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Another year, another countdown. Music in 2018 saw a (relative) newcomer cement her superstar bonafides, a fiercely formidable country trio give a toast to divorces, the world’s best rapper restore our faith in “songs inspired by the movie” albums, and a British rock group blast into space. Coming through like sweetener, these were the 20 albums that we’re still playing as the year closes out. (Compiled by EW staffers Leah Greenblatt, Sarah Rodman, and Alex Suskind).
Stepping out of the Metropolis-inspired wonderland of Cindi Mayweather—the alter ego of her first three LPs—Monáe aims for a more personal spin here, analyzing the patriarchal, sexual, and racial oppression experienced by those who are different (a.k.a. the “dirty computers”). “You f— the world up now, we’ll f— it all back down,” she sings on “Screwed.” With assists from Zoë Kravitz and Grimes, Monáe’s Dirty Computer transforms “The Future Is Female” from a marketable slogan into a foregone conclusion. —Alex Suskind
Over the course of six albums, Church has frequently mused about the transformative power of music. He believes in its ability to heal, to transport you to the past, to make sense of the present and hold out hope for the future. Desperate Man might make you a believer, too, with its Stonesy, loose-limbed jams, pastoral balladry, and blues-inflected tunes contending with demons, real and imagined (“Monsters”), imparting hard-won wisdom (“Some of It”), and self-medicating away the anxieties of modern life (“Drowning Man”). —Sarah Rodman
Soundtracks should always feel like the best kind of house party; this one just happens to be hosted by your favorite Pulitzer Prize-winning rapper. Putting
Kendrick Lamar on Panther duty felt both inspired and obvious; who better to find the backbeat in Ryan Coogler’s Technicolor ode to progressive superherodom and black excellence—and to bring along his coolest friends (SZA, Schoolboy Q, Jorja Smith, the Weeknd)? The result is a kind of effortless aural mosaic: rich, layered,
and radically listenable. —LG
On their splendid third album, this tight-knit trio of country spitfires will be there for pregaming your night out (“Stop Drop and Roll One”), telling you the hard truths (“When I Was His Wife”), and heading to the courthouse to help throw your divorce party (“Got My Name Changed Back”). In short, Miranda Lambert, Ashley Monroe, and Angaleena Presley— singular talents alone, fiercely formidable together—are the girlfriends we all need right now. Brimming with rich harmonies, sass, and sorrow, this album feels like the Gospel truth. —SR
After a five-album evolution that swerved from the spiky early-aughts Britpop of their breakout 2007 debut to the dense desert-rock stomp of 2013’s AM, Monkeys frontman Alex Turner decided to shoot, literally, for the moon. A heady concept album set smack in the lunar midst of First Man territory, Tranquility Base trades in glittery Bowie-esque glam, Serge Gainsbourg swing, and baroque space-jam psychedelia. It’s all excellently woozy and moody and strange; the next best thing to clocking real NASA air miles. —LG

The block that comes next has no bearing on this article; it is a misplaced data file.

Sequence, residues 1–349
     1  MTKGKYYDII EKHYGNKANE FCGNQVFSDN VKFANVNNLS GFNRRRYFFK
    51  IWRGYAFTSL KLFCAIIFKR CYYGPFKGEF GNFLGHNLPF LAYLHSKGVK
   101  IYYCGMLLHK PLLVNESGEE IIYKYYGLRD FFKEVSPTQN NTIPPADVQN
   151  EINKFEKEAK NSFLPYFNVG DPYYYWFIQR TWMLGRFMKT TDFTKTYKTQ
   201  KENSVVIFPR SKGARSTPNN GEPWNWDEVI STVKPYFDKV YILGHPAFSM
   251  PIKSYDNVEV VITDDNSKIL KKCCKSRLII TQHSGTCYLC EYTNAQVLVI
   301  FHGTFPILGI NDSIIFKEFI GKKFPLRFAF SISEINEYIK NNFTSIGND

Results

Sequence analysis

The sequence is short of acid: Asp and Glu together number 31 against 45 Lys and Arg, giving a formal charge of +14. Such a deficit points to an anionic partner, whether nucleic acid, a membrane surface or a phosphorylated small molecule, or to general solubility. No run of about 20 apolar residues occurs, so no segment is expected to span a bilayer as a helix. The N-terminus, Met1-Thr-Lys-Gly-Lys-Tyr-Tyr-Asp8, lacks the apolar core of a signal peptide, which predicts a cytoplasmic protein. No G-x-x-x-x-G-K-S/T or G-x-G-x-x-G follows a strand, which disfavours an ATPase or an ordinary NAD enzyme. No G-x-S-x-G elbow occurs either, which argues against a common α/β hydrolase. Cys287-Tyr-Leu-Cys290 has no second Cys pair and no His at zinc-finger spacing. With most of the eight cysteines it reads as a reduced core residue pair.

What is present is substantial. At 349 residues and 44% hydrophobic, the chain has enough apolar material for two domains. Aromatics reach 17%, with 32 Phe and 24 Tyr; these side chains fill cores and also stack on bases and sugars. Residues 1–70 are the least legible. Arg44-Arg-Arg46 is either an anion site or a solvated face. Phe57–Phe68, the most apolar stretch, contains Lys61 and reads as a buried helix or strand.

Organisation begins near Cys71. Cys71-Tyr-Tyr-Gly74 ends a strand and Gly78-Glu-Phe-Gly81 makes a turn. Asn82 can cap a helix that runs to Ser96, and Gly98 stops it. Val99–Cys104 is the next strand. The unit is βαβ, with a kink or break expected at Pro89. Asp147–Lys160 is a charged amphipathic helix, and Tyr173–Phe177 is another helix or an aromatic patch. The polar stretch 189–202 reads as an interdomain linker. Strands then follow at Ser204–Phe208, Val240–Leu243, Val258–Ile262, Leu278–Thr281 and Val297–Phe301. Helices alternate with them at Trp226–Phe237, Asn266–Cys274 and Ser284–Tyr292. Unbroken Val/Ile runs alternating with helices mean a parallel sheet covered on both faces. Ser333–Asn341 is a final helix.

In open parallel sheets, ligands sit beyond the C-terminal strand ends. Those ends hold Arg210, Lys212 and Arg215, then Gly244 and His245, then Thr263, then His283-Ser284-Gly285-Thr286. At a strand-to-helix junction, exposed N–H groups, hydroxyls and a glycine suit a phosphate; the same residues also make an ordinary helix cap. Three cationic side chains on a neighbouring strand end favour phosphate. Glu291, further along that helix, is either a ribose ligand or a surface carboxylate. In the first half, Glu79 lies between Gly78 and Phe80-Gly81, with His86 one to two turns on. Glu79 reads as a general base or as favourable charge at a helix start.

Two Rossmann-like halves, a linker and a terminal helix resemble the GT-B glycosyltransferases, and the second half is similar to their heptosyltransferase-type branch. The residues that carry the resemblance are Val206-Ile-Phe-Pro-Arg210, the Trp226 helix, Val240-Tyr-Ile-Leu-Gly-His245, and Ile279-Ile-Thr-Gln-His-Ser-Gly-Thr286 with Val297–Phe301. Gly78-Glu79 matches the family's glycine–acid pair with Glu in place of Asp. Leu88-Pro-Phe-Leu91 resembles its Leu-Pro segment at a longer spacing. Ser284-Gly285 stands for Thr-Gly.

It’s become something of a sport among Mitski fanatics to brag about how many tears one can shed while listening to her music. But Be the Cowboy is too defiant for a simple weep session. On her bold and cacophonous fifth album, the Japanese-American singer-songwriter aims for something different: sadness, yes, but also the growth that one experiences in its aftermath—the comfortable shared silence of a former couple on “Old Friend,” toxic masculinity (and how to briefly overcome it) on “Lonesome Love,” aiming straight for the stars on “Remember My Name.” No matter the obstacle, Mitski is here to lead us through any mess that happens to come our way; crying is strictly optional. —AS
Ariana Grande was looking for a new challenge. She found it in Sweetener, her most complex project to date. Sidestepping the straight-ahead popscape of previous efforts, the LP combines Grande’s inimitable voice with the hiccupy drums and cross-genre beats of Pharrell Williams (he’s credited on almost half the songs here) and the clean riffs of Max Martin (he handled production on the operatic “God Is a Woman,” among others). The result: a beautiful and minimalistic world that would bring any bitter taste to a halt. —AS
Sky-high expectations can crush new artists. Good thing Cardi B’s Louboutins are made of steel. The Bronx-bred rapper ended 2017 with a No. 1 hit (“Bodak Yellow”) and menacing follow-up single (“Bartier Cardi”), both of which kept the “she’s just a one-hit wonder” crowd at bay. This year, Cardi snuffed them out for good, dropping an instant classic in Privacy. From the boogaloo bop of “I Like It” to the warning-shot groove of “Be Careful,” the album proved that Belcalis Almánzar really was worth the superstar hype, haters be damned. —AS
There are some albums that speak to the moment. Others speak to the heart. Some set their sights on getting that booty up off the couch and shaking. A few precious records do all of that and more. In less than the advertised hour—right around 45 minutes—the Golden, Tex., native encapsulates the bittersweet intersection of melancholy and euphoria and the ways in which people connect and disconnect in a challenging world. Whether it’s the shimmer of “Slow Burn,” the emphatic kiss-off of “Space Cowboy,” the disco delirium of “High Horse,” or the gauzy, romantic wonderment of “Butterflies” and “Oh, What a World,” Musgraves remains tethered to her country roots while roping in a world of new sounds for one of 2018’s most eminently repeatable releases—because this is an Hour you don’t want to end. —SR